The Pain Course: Exploring the Feasibility of an Internet-delivered Pain Management Program When Offered by a Tertiary Pain Management Service

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Abstract

Background:

This study examined the acceptability and preliminary outcomes of an internet-delivered pain management program, the Pain Course, when offered by a specialist pain management clinic in a large public hospital.

Methods:

A single-group feasibility open-trial design was used and 39 patients participated in the program, which ran for 8 weeks. Participants were supported through the program with weekly contact from a Clinical Psychologist at the clinic.

Results:

All participants provided data at posttreatment and >90% of participants completed all 5 lessons of the course. High levels of satisfaction were observed and relatively little clinician time (M=71.99 min/participant; SD=32.82 min) was required to support patients through the program. Preliminary evidence of clinical improvements in depression symptoms (avg. improvement=38%; Cohen d=0.74), but not disability levels or anxiety symptoms, was observed in the overall sample. However, evidence of improvements was observed across all the primary outcomes among patients who had clinical levels of difficulties with disability (n=20; avg. improvement=11%; Cohen d=0.64), depression (n=17; avg. improvement=35%; Cohen d=1.24) and anxiety (n=8; avg. improvement=29%; Cohen d=0.57).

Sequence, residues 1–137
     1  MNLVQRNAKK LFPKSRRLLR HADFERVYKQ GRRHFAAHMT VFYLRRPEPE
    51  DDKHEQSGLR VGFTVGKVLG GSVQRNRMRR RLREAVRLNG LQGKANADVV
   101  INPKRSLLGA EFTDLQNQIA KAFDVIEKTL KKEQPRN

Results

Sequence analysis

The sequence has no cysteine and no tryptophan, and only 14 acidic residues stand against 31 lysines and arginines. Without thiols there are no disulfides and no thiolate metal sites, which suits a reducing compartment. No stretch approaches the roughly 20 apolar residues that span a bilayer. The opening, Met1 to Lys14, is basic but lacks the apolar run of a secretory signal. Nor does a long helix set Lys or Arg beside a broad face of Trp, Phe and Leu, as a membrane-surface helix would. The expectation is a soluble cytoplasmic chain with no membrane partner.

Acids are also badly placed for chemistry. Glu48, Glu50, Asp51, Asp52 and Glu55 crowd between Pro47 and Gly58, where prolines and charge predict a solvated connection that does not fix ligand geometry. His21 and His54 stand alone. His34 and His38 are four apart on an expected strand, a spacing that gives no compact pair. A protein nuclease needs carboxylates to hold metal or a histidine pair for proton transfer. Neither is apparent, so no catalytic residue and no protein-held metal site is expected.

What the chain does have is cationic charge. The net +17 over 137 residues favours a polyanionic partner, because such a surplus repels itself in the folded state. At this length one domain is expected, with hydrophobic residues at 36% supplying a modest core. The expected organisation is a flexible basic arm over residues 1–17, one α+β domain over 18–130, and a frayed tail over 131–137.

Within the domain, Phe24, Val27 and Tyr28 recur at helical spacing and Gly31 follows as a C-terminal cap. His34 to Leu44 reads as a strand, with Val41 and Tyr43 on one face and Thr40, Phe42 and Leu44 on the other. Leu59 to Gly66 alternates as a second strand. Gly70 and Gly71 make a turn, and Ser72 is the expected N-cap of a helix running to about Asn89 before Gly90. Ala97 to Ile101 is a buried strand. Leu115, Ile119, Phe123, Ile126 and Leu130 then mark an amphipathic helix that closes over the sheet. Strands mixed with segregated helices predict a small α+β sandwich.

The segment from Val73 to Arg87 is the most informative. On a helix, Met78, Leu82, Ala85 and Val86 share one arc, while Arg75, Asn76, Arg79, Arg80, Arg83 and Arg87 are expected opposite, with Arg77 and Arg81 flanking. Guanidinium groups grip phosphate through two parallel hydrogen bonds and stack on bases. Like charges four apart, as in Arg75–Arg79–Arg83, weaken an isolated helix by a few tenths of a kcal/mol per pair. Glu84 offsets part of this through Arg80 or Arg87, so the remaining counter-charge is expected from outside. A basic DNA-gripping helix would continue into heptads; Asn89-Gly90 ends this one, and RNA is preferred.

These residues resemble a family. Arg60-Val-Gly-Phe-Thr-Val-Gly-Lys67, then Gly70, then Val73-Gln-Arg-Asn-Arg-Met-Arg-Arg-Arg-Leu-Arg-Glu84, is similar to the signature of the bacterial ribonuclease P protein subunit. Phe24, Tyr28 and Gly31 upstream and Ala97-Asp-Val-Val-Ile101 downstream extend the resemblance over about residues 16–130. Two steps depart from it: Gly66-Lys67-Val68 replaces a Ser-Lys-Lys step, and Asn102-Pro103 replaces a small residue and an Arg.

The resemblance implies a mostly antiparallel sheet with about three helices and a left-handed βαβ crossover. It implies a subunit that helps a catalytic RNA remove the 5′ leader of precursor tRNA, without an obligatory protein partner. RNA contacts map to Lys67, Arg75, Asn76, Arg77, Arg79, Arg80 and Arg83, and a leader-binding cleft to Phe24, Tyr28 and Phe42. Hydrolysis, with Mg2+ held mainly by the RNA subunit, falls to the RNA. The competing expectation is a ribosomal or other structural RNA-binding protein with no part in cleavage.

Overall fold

Conclusions:

These findings highlight the potential value of internet-delivered programs when provided by specialist pain management clinics as a part of their services and the value of larger scale studies in this area.

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